Despite the help, he has reduced the number of tortas they make daily in recent years because of his advancing age. He wants to do more in life than make tortas, he says. However, he also says he is determined that his business will keep on going until God revokes permission to go on living, as he puts it. 


After his morning work is done, López stays at home until 1 or 2pm and then goes out to sell any leftover tortas. He climbs up Canal, walks down a section of Quebrada, then turns around Umarán and takes a turn onto Zacateros, often running out of tortas before reaching the Jardín. Rare is the time when he has leftovers—at most 4–6 tortas—but when he does, he sells them in the cantinas, where he knows they will buy all the rest. 


López is open for business Monday–Friday, and sometimes also on Saturdays, from mid-morning until he runs out of tortas to sell. 


His devoted followers come from all over the San Miguel area, and even outside the city. Sometimes he gets people who come from Querétaro and buy up to 30 tortas at once. The folks at the immigration offices are also some of his best customers. López likes to think the immigration staff gives his tortas to the illegal immigrants they catch. 


A life of excess


If you ask López, who is eight years divorced and has gone two years and eight months now without consuming a single drop of alcohol, he’ll tell you that his fame is not actually due to his tortas but to the number of friends he made in cantinas and at parties, where he drank a lot for many years. He admits to having nearly failed in his business because of alcohol and that he missed many good moments in his life due to drinking. Ever since he was in the transport business, before he got married, he already had a drinking problem, he says, and it took up his whole life.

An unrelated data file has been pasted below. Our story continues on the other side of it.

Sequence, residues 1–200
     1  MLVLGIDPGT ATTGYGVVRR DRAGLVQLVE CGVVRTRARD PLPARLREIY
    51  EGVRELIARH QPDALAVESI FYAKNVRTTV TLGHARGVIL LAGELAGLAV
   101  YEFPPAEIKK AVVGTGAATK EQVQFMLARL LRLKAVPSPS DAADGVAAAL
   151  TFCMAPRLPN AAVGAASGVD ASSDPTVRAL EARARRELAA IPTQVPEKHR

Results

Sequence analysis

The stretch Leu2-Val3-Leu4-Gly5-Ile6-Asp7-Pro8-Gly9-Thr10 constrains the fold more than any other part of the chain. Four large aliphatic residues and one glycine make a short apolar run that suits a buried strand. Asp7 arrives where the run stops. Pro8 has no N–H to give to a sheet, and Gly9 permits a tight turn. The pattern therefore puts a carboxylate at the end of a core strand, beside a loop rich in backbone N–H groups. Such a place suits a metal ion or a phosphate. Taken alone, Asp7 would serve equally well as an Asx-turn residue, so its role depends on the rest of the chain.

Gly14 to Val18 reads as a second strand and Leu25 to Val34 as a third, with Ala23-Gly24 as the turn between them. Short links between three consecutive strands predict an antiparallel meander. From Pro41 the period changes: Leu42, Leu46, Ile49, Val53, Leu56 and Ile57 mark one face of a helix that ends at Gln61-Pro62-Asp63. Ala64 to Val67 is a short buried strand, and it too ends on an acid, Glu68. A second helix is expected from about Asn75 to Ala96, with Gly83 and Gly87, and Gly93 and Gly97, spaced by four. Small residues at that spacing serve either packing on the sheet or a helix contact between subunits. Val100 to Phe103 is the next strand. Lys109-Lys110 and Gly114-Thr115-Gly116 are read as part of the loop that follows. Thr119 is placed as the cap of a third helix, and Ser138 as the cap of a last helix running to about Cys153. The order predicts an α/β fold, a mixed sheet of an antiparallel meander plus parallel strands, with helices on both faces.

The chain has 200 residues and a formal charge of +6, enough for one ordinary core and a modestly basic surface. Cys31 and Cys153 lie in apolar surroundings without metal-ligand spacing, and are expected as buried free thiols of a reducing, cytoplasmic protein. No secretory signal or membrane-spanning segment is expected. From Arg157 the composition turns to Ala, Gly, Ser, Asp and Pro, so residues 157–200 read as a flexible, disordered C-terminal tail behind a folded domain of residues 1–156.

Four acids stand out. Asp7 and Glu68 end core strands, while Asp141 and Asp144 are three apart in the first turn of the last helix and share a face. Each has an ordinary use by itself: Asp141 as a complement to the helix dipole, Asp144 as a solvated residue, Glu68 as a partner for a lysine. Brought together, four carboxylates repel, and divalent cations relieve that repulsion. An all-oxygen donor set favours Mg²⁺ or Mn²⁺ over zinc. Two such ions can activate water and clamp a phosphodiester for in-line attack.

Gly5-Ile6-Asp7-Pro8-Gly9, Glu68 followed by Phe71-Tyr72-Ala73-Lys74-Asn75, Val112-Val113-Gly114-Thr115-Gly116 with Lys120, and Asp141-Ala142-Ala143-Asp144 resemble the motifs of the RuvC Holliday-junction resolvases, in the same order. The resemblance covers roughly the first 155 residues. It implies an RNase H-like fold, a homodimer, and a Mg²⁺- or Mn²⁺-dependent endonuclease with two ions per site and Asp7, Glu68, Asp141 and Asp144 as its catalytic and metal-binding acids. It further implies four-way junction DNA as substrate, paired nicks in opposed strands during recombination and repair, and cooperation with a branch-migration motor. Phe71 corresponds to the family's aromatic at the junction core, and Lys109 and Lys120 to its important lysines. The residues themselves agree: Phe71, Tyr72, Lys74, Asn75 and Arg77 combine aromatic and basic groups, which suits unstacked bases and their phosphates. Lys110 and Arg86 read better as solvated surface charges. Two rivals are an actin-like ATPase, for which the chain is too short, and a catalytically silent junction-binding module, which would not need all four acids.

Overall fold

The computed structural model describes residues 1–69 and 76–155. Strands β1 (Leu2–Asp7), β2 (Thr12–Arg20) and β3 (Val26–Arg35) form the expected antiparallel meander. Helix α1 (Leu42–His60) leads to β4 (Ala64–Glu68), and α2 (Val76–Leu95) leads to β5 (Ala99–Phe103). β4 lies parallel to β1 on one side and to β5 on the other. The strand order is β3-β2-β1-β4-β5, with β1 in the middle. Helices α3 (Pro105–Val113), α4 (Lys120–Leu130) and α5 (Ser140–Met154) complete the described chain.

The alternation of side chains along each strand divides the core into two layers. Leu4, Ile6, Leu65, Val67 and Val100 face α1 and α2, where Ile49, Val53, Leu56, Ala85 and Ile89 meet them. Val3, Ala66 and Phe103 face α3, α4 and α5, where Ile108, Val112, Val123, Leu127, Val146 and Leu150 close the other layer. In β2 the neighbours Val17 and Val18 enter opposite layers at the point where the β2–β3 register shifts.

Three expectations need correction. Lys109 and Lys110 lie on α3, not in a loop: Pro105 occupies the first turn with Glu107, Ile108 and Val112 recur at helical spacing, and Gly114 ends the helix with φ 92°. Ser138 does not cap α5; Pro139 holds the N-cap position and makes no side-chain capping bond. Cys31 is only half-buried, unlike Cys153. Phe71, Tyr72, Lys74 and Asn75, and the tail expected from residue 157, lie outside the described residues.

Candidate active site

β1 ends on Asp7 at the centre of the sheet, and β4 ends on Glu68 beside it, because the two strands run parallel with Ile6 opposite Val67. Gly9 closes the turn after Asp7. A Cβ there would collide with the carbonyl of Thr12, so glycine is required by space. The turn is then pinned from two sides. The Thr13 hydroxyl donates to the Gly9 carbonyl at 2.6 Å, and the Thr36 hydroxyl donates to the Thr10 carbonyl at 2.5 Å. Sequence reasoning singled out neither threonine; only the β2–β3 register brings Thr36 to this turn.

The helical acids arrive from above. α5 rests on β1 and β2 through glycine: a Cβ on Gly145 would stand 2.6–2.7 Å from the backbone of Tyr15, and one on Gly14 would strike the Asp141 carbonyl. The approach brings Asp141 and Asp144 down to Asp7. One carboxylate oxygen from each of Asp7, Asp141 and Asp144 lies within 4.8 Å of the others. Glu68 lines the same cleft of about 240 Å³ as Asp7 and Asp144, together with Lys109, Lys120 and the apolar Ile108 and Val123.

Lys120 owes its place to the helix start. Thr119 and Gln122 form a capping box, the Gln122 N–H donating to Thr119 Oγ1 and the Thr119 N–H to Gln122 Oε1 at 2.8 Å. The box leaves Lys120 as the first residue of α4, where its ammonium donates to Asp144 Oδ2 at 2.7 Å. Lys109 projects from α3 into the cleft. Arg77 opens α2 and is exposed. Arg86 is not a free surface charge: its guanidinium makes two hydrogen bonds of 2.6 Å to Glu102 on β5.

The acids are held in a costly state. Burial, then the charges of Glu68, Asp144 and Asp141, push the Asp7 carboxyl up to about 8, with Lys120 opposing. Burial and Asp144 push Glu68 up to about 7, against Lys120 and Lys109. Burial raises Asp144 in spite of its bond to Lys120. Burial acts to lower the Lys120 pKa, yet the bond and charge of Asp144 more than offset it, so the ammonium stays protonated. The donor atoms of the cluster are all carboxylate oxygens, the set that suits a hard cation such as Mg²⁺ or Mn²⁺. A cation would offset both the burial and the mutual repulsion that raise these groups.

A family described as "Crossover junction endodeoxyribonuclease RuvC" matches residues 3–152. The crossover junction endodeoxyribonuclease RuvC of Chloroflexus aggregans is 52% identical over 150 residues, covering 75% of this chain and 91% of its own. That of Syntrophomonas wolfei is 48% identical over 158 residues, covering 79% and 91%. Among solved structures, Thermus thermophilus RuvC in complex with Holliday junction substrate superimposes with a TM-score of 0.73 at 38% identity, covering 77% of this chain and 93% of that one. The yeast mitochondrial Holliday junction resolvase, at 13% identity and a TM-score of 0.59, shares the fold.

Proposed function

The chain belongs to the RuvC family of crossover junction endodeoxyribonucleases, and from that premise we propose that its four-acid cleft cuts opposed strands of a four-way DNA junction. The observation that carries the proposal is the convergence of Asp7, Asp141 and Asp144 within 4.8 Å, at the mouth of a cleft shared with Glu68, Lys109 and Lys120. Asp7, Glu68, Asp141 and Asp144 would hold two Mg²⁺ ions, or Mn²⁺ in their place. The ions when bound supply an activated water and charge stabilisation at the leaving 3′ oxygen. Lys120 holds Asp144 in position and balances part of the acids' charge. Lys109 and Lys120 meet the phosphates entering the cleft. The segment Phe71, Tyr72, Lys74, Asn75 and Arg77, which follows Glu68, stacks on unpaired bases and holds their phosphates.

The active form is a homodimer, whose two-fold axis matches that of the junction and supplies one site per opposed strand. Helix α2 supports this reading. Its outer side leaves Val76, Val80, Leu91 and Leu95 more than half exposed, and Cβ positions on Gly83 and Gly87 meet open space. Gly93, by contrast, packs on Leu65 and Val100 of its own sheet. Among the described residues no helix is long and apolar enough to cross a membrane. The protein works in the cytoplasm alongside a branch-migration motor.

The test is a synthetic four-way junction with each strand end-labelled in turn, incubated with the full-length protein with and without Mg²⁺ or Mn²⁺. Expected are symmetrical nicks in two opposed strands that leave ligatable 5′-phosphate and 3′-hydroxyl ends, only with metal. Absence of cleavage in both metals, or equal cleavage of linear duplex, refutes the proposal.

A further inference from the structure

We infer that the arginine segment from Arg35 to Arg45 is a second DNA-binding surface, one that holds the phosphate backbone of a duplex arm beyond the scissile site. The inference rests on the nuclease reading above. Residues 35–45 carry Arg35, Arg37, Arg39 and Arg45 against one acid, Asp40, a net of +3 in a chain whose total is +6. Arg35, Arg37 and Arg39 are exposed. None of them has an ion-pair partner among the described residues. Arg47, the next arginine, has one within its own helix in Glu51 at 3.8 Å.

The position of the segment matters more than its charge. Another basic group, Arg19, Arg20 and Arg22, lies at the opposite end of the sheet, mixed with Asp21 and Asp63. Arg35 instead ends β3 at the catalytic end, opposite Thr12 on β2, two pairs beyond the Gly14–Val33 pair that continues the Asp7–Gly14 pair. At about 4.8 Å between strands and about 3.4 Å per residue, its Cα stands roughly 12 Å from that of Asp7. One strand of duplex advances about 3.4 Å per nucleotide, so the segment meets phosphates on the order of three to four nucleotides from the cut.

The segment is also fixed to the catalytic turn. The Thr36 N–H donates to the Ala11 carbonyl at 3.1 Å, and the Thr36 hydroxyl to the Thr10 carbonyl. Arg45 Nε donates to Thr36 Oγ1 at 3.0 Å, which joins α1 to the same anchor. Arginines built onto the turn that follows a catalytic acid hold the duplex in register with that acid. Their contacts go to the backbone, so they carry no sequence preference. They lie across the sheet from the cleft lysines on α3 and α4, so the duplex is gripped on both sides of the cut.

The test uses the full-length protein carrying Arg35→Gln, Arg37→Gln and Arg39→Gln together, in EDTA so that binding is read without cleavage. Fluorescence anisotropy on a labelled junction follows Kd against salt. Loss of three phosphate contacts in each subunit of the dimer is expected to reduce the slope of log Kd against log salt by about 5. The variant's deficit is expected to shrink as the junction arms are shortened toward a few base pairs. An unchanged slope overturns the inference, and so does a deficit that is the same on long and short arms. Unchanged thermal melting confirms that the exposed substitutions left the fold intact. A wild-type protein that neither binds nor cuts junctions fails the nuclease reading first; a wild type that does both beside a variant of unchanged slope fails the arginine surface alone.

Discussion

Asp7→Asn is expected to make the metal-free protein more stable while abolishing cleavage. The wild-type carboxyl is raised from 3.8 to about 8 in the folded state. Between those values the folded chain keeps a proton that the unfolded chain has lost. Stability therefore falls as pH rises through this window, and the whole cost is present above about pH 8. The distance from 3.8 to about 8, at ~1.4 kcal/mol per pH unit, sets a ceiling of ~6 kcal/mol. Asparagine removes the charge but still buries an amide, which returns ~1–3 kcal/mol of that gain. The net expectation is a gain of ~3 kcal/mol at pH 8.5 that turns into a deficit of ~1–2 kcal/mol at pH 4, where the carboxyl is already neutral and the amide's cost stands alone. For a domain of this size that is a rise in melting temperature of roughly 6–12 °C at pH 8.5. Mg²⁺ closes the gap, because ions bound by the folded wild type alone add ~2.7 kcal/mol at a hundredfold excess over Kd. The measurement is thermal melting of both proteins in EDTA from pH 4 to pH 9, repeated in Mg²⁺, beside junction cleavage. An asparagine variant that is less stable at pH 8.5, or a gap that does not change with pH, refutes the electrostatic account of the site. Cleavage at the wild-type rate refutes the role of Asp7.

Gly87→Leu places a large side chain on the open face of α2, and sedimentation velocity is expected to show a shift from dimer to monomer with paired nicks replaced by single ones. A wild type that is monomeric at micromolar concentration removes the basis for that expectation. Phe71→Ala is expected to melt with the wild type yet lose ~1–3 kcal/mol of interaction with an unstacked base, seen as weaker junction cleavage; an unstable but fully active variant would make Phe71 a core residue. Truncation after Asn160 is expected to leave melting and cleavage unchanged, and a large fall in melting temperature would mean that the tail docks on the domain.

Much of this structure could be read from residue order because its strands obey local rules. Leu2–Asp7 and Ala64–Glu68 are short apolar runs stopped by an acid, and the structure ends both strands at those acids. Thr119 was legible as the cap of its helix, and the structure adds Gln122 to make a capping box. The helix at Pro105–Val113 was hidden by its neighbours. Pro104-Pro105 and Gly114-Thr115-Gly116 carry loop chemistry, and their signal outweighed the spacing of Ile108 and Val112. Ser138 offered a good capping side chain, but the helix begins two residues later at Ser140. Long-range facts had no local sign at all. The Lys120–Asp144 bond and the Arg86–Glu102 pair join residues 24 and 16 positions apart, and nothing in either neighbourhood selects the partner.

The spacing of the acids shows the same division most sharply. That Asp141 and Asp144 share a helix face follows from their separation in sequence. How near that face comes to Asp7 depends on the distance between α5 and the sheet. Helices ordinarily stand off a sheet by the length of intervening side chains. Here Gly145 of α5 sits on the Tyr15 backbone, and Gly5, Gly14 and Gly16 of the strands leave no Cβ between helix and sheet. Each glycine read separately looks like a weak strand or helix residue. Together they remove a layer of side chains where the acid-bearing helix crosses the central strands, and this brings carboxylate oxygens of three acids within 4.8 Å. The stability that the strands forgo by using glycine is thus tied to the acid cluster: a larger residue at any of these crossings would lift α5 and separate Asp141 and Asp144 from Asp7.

But after many years, he began to see the consequences of being so caught up in his vice, as he began to see his friends and acquaintances die or get sick, his marriage dissolving, and his own health worsening. He realized he needed to make a change, for his health and for his well-being. “Life is very difficult,” he said. “You have to learn to deal with it, because you really fight a lot.”


Plans for the future


He has become very fond of his tortas business and says that it has basically become his life. But it is, first and foremost, his way to pay the bills at an age when he believes no one would give him a job. However, even at age 68, he still has goals for the future, one of which is to raise enough money to pay for his medicine, rent, and utilities and to start working less.


He would like his daughters to continue the business, because he knows that with the 50 they sell every day, it would be easy to keep it going. He would never open a shop in a fixed location, however, he said, even if his daughters wanted to. “I didn’t do it when I was younger, and I’m less inclined now that I’m older,” he said.


On Mondays through Fridays, when you hear the whistle of “El Motor,” that’s your cue to leave your home or office and find López, even if it is only to return the whistle. But López invites everyone to buy one of his tortas, if only so that the tradition of this traditional food is not lost. Oh, and he also recommends that you try the steak—one of his favorites. 


“When you hear my whistling, come out and see me and buy a torta while you’re at it,” he said.